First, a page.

That's where I'm at. Those are standing offers. I hope that people around the table will take me up on them and that we'll find a resolution today so that we can do real work on Wednesday, because I tell you, if I show up on Wednesday and we're doing more of this, my mood is going to continue to degenerate, and it ain't going to be fun, not for me and not for anybody else.

November 2nd, 2022 / 6:15 p.m.
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Daniel Blaikie NDP Elmwood—Transcona, MB

Another characteristic in the table here is the nature of the eligible expenses. Under the current provision, eligible temporary relocation expenses include—I think these were mentioned—transportation expenses of one round trip, meals during the round trip and temporary lodging, and under Bill C-241 it is expenses incurred for travelling to and from the job site.

Again, what would be the practical difference? Is it that under Bill C-241 you could have a job that's relatively far from home but still within commuting range and you could deduct some of those expenses?

November 2nd, 2022 / 6:15 p.m.
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Daniel Blaikie NDP Elmwood—Transcona, MB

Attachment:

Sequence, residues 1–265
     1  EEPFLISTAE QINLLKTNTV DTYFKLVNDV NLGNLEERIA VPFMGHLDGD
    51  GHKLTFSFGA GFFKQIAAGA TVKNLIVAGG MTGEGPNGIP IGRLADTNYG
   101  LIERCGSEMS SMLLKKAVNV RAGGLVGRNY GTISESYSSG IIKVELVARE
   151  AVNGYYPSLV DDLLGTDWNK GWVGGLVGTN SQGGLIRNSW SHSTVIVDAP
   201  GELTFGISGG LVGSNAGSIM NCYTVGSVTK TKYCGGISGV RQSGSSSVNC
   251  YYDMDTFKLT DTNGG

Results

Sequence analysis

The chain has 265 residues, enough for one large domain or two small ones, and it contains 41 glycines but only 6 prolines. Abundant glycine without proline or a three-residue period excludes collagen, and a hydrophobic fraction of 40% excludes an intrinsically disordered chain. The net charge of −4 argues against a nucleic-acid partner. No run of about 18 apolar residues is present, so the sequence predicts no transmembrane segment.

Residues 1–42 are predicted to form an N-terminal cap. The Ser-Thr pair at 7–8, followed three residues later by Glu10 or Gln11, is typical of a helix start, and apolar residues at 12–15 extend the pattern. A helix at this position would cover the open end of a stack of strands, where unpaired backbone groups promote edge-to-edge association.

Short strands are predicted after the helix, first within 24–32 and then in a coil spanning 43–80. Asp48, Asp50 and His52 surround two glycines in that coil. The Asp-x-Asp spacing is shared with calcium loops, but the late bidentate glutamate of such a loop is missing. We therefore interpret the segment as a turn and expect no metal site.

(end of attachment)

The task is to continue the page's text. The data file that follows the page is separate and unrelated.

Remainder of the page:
Thank you very much.

I just want to continue on down the table here.

When we talk about the distance calculation under the two laws, there are some additional conditions for what's currently in the statute, including relocation to a temporary work location, being away from your ordinary residence for at least 36 hours and residence at a temporary lodging.

Again, I'm thinking about somebody who's working on a project in Portage la Prairie, say, who is commuting daily out of Winnipeg. They're travelling over 120 or even over 150 kilometres from their home in order to do to a job. The Roquette pea plant was a big job in the Portage la Prairie area for a while. I know a number of guys who were working on that job for a couple of years. Under Bill C-241, they would have been allowed to deduct those expenses to travel to that site, but under the current statute they would not because they would not be away from their home for 36 hours and they're not residing in temporary lodging? Is that a fair characterization of the difference between the two proposals?